At least 15 species of Westside conifers grow to heights of 200 feet. Their huge size permits maximum exposure to sunlight during the year, especially when light levels are reduced in winter. There is also maximum exposure to moisture. The tallest species is Douglas-fir, the most valuable tree in terms of world timber commerce. It reaches 330 feet and 16 feet in diameter. It occurs in many kinds of ecosystems. Unlike most giant conifers, which begin life in shaded conditions, Douglas-fir is dependent on fire and it grows best in sunlit openings. It grows rapidly on good sites. The wood is used for framing lumber and plywood.
Western Red cedars are found in moister parts of the Pacific Northwest. They are typically scattered among other conifers. Sometimes they form pure stands in low spots where roots of other conifers would drown. This is a shade-tolerant species. It grows to 200 feet and 20 feet in diameter. It is fairly slow-growing. The wood is easily split, is decay-resistant, and is used for making shingles.
Western Hemlock is a moisture-loving species. It is probably the most abundant conifer from coastal Oregon to southeastern Alaska. It grows to 215 feet high, with a maximum diameter of 10 feet. It grows faster than Western Red cedar. Western Hemlock seedlings often blanket nurse logs. They are very shade tolerant. They can form extensive pure stands. The tree species is cut extensively for lumber and paper pulp.
Sitka Spruce towers over red cedars and hemlocks in foggy coastal forests, too wet to favor Douglas-fir. The tree reaches 300 feet in height and 17 feet in diameter. It is fast-growing and can reproduce in forest shade. Many gain an initial foothold in the forest on nurse logs. Sitka Spruce is a strong, light wood.
Additional species of old-growth conifers include Sugar Pine (maximum 250 feet high and 18 feet diameter), Ponderosa Pine (232 feet high, 8 feet diameter), Western White Pine (239 feet high, 7 feet diameter), Noble Fir (260 feet high, 9 feet diameter), Pacific Silver Fir (245 feet high, 8 feet diameter), Grand Fir (250 feet high, 5 feet diameter), White Fir (230 feet high, 6 feet diameter), Incense Cedar (225 feet high, 12 feet diameter), and Port Orford Cedar (240 feet high, 11 feet diameter). The uniqueness of the Olympic Rain Forest is illustrated by the number of world record sized trees found here. The world’s largest Yellow Cedar, Western Hemlock, and Subalpine Fir trees are found in the Olympic Range.
Non-conifer trees include Bigleaf Maple, Red Alder, Vine Maple, and Black Cottonwood. Shrubs include Devil’s Club and huckleberry. Herbaceous plants include ferns, mosses, club mosses, and lichens. An interesting adaptation to the low light levels and levels of precipitation reaching the forest floor is that a number of plant species—more than 100 in all—found in the Olympic rain forest are adapted to life up in the trees with no root connection to the forest soil. These epiphytes, plants which do not come into contact with the ground but are not parasitic, include liverworts, mosses, club mosses (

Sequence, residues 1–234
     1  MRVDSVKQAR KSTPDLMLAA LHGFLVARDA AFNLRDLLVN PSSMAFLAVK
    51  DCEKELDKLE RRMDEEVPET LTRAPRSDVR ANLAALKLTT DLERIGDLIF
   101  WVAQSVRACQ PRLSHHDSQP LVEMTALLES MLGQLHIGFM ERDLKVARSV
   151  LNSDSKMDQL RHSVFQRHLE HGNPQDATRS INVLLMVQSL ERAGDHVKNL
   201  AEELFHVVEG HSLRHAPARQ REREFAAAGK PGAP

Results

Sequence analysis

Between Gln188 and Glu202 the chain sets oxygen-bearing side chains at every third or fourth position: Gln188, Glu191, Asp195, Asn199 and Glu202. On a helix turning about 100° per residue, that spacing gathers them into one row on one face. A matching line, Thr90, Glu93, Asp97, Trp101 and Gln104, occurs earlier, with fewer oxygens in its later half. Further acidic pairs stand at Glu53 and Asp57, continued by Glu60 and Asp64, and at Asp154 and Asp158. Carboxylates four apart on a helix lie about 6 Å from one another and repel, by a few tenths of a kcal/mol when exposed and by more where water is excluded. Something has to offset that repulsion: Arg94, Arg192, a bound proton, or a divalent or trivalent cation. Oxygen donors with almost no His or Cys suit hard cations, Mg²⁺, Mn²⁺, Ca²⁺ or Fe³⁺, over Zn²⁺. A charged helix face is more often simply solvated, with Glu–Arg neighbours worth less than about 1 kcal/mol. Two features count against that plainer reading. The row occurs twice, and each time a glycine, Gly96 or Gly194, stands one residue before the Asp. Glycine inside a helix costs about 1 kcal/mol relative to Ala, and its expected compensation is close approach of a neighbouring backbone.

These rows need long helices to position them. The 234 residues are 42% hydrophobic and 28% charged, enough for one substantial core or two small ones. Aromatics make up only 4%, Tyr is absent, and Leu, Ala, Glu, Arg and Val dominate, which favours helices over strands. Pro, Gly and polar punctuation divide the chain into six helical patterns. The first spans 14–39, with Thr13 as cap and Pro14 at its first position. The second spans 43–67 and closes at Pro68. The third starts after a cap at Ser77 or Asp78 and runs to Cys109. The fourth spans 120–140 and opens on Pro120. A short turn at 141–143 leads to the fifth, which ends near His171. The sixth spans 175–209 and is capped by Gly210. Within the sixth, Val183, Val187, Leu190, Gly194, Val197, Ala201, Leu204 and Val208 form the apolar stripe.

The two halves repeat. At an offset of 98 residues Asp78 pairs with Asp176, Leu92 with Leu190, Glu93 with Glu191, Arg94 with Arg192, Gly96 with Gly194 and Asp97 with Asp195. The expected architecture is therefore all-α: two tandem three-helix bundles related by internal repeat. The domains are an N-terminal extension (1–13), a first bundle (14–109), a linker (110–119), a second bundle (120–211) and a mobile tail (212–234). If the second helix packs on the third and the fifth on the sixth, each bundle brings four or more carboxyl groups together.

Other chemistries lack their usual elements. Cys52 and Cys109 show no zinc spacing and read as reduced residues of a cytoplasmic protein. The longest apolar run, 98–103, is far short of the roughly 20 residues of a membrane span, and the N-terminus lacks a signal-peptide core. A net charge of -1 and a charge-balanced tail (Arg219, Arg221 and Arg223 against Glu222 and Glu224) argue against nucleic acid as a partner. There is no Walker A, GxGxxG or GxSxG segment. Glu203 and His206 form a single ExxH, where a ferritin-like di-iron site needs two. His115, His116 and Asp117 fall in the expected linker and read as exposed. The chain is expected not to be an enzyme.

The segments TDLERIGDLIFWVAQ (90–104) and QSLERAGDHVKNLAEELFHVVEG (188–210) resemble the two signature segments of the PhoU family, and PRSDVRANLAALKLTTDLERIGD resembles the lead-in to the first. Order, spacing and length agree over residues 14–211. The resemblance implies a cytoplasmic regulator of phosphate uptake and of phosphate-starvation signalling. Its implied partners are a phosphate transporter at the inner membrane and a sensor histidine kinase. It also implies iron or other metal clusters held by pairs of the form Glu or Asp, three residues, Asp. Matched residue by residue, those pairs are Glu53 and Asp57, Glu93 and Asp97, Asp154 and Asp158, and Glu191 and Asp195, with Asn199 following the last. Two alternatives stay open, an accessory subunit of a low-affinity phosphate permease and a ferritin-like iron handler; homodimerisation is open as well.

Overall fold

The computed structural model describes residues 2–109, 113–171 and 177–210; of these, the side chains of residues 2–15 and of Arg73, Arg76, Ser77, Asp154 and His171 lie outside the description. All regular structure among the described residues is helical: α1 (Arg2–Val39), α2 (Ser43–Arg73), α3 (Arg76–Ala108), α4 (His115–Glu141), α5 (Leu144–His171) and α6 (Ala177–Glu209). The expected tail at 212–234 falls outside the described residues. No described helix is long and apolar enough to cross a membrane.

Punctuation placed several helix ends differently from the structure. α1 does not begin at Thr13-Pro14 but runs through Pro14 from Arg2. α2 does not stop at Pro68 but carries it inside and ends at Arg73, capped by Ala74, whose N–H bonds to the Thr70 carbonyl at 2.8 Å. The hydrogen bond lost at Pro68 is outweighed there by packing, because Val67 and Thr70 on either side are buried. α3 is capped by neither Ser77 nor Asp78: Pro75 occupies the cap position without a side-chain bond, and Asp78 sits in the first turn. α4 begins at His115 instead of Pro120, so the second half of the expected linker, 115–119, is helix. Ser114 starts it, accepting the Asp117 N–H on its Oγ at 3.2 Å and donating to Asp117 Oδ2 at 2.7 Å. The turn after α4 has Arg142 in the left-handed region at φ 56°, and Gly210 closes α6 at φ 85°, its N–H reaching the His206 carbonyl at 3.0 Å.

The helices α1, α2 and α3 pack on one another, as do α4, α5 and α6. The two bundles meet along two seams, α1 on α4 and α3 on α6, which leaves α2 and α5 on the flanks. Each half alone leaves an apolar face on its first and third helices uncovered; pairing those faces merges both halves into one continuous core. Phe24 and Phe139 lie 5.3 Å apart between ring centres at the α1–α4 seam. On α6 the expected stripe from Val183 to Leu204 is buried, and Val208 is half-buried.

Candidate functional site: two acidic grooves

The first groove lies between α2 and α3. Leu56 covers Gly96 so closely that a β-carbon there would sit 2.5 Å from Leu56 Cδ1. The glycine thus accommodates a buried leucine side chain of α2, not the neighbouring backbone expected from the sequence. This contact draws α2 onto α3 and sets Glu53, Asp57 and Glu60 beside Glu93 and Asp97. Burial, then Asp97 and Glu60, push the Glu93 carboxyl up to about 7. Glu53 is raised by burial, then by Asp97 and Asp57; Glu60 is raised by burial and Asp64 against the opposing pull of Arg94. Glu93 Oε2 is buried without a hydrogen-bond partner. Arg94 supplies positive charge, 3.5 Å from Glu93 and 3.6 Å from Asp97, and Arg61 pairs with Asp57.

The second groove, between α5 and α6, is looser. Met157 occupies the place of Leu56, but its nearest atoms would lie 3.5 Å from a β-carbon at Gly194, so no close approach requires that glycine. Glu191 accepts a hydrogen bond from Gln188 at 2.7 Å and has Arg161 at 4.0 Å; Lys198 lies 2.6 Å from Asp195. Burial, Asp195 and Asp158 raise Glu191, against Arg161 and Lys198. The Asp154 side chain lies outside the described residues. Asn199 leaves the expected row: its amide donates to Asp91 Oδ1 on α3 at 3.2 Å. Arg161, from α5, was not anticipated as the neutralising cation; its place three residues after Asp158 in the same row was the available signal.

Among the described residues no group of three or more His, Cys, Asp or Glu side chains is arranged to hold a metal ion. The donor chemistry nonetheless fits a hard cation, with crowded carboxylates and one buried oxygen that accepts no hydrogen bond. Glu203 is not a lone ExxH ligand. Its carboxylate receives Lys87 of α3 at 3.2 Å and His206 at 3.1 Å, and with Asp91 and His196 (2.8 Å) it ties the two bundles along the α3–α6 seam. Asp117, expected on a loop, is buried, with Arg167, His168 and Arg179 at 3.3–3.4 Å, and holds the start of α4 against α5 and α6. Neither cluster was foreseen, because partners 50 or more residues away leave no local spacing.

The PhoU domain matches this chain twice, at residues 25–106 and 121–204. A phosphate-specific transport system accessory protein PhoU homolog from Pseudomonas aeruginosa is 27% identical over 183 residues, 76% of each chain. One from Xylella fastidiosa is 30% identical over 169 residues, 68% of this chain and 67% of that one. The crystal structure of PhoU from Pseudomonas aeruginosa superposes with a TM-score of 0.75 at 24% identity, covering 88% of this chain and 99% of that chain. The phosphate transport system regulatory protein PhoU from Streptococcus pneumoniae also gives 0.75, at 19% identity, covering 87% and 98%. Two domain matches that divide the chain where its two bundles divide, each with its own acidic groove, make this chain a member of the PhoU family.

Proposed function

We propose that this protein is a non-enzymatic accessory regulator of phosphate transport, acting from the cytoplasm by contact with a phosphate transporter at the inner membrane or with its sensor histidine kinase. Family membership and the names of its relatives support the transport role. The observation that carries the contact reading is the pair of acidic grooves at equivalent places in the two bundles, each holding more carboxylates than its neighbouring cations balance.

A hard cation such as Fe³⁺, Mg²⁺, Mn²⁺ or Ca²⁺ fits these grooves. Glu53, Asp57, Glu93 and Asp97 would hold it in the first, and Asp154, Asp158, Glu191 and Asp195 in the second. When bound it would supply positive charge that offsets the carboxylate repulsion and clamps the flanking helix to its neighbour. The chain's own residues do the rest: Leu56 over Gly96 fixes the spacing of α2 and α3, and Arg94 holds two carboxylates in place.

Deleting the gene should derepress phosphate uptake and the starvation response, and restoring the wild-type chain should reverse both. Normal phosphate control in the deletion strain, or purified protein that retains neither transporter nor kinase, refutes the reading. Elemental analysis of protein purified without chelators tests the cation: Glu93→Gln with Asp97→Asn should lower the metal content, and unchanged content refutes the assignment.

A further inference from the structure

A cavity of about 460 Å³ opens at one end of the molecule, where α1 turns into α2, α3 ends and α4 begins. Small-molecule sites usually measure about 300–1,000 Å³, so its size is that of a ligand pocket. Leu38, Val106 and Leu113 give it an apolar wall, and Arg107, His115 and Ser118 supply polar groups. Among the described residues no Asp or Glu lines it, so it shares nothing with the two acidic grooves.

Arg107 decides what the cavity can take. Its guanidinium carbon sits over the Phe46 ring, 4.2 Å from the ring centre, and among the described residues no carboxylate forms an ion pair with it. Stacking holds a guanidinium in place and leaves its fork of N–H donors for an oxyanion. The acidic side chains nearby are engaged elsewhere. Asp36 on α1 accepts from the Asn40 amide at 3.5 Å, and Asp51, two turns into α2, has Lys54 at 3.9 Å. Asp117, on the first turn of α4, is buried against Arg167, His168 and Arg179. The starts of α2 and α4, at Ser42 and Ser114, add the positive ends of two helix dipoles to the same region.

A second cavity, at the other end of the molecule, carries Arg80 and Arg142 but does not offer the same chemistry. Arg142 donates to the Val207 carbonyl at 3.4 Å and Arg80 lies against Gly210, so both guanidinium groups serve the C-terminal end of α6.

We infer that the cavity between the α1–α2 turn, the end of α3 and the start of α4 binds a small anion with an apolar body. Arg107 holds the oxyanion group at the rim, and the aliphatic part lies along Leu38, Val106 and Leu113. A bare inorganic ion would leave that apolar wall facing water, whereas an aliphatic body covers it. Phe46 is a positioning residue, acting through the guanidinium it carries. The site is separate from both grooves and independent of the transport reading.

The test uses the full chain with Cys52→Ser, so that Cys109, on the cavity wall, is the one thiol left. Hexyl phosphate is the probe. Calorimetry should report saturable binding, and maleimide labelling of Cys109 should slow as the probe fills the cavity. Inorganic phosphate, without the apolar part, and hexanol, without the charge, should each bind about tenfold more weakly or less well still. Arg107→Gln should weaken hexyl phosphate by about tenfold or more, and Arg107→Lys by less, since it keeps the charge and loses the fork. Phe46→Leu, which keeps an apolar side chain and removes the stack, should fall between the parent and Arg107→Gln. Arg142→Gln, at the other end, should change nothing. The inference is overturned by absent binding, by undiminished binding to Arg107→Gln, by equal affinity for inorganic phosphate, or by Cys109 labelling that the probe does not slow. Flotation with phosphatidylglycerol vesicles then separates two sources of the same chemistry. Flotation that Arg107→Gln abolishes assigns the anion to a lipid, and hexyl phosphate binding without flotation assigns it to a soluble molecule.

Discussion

), lichens, and ferns (licorice fern and sword fern). They collect their water by soaking it up in soft plant tissues. Big-leaf Maple is the deciduous tree most likely to be covered with mats of epiphytes.
The unique climate and ecology of the Olympic Peninsula have produced a number of animals which are particularly well adapted to their surroundings. Several of them are endemic species or subspecies, found only in the Olympics. Two endemic species of fishes are Beardsley Trout (a type of rainbow trout) and Crescenti Trout (a cutthroat trout). The endemic species and subspecies of amphibians are the Olympic Salamander and Cope’s Giant Salamander. Olympic Salamander inhabits mountain streams and creeks.
There are no endemic bird species, as these animals have the ability to disperse to other regions -of the Pacific Northwest, North America, and wider geographic areas. However, several species are recognized as indicator species of mature, old-growth forest. The Spotted Owl is an endangered species which has highly specialized habitat requirements—dense, mature stands of trees and a minimum of 3000 acres of contiguous forested land with mature, multi-layered and multi-aged canopy, large snags, deformed branches for perches, and internal defects for nest cavities. The Marbled Murrelet is an alcid (puffin relative) which spends most of its life as a pelagic (oceanic) species but which nests fairly exclusively in old-growth forests. It constructs its nest 180 or more feet up in old-growth trees which are 300 to 600 years old. This extremely specialized nesting bird is the last species of North American bird to have its nest discovered (1974). The Pileated Woodpecker, a species also found in Connecticut, is not a rare species in the Olympics, but it does require mature habitats and thus is an indicator species of the ecological balance and health of the forest.
Olympic mammals include the Roosevelt Elk and Columbia Blacktailed Deer. These animals have seasonal migrations to open or forested areas, based on availability of browse and winter forest cover. Their movements are closely tied to the climate cycle. Several endemic species or subspecies of mammals are found in the Olympics, including the Olympic Marmot, Olympic Chipmunk, Yellow Pine Chipmunk, Olympic Snow Mole, and Short-tailed Weasel. They have specific habitat requirements, such as alpine and subalpine habitats of the marmot.